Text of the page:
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On conquering COVID, the invisible suspect

How can we better prepare ourselves and our families?


Police officer Jennifer Leeman is receives a COVID-19 vaccine at Englewood Health in Englewood, N.J., Thursday, Jan. 14, 2021.

AP Photo/Seth Wenig

If you visit the Officer Down Memorial Page you will see there is a new category for line-of-duty deaths: COVID-19. At the time of this writing, ODMP listed 196 officers as having died in the line of duty as a result of contracting COVID-19 in 2020, which is over four times the amount killed by gunfire.

The first documented police officer COVID death was on March 24, 2020. It is reported that hours before Detroit Police Department Captain Jonathan Parnell died, he was talking about going back to work. It is unknown how many other officers died as a result of COVID-19 because there is no documentation prior to March 2020, however, there are some trends worth noting:

  • The average age of all officers killed in the line of duty in 2020 was 49 years. The average age for COVID-related deaths was 54.
  • The youngest officer to die from COVID was 36 years of age, the oldest was 79.
  • In Texas, a total of 69 officers were killed in the line of duty; 52 of those deaths were COVID-19 related.
  • Ten female officers succumbed to COVID-19 in the performance of their duty.
  • US federal agencies lost a total of 24 agents in 2020, with COVID-19 attributing to 21 of the 24 deaths.
  • While difficult to track, it is apparent that 46 of the officers who died from COVID worked in the detention or corrections capacity.
  • 126 officers who died from COVID were 50 years of age or older.


There are a number of reasons why some law enforcement professionals remain in the profession well into their 60s: lifestyle choices, loss of healthcare and pension after retirement, and “retirement cop jobs” are a few reasons. Administrators with 30 years or more are typically exempt from the usual hazards such as assaults and roadway dangers, but not from COVID-19 and underlying health issue risks. What are these underlying issues exactly?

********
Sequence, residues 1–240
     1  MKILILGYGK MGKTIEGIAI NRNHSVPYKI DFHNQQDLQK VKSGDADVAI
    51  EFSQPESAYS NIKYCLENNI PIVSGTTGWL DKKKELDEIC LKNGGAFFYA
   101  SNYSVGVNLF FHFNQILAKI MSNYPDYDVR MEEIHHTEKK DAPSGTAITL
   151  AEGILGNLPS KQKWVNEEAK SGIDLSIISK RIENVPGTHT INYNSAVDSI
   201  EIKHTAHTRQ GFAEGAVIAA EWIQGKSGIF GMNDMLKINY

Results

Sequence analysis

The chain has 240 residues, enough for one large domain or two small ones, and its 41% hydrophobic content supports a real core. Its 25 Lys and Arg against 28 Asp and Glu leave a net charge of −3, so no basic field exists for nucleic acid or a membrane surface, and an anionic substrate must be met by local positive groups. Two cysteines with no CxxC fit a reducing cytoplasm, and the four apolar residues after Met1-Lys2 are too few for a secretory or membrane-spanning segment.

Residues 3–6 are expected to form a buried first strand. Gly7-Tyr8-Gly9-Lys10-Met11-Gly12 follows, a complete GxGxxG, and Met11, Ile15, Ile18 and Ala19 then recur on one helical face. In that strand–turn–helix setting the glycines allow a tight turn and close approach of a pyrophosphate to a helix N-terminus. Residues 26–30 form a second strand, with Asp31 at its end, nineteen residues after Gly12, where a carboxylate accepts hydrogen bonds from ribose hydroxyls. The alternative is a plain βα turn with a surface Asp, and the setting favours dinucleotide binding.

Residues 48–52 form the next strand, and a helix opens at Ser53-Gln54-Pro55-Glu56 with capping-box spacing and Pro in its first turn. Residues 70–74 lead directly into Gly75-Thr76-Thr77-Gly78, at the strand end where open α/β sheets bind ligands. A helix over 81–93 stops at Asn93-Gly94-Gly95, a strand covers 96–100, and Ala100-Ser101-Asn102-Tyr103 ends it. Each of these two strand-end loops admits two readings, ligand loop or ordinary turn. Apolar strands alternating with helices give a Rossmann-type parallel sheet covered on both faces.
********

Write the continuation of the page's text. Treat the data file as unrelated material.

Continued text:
According to researchers, “An increasing body of data suggests that people with diabetes, high blood pressure, and severe obesity, with a BMI of more than 40, are more likely to develop severe illness and die from a SARS-CoV-2 infection.“

Are people with diabetes really more likely to have serious complications from COVID-19? Apparently yes. Adult-onset diabetes affects the immune response making one more susceptible to infections and recovery from illness.

Of the total 196 officers who died from COVID-19, only 60 were Caucasian. The Center for Disease Control and Prevention (CDC) provides information that indicates how ethnicity might play a role in the death of some officers.

According to the American Diabetes Association, African Americans, Mexican Americans, American Indians and Asian Americans are some of the ethnic groups at a higher risk of developing Type 2 diabetes and the complications that come with diabetes such as limb amputations, retinopathy and kidney failure.

Steps to understanding your own risk

It is unknown if any of the fallen officers suffered from diabetes or heart disease and while not all of the fallen officers appeared to have suffered from the issue of “weight creep,” it plagues law enforcement culture.

Officers self-report that they gain approximately one pound per year for every year of service. Do the math. What contributes to this weight gain? Stress, a sedentary lifestyle, failure to lose weight after childbirth, plainclothes assignments, fast food in a fast-food job, and injury and illness are just a few reasons.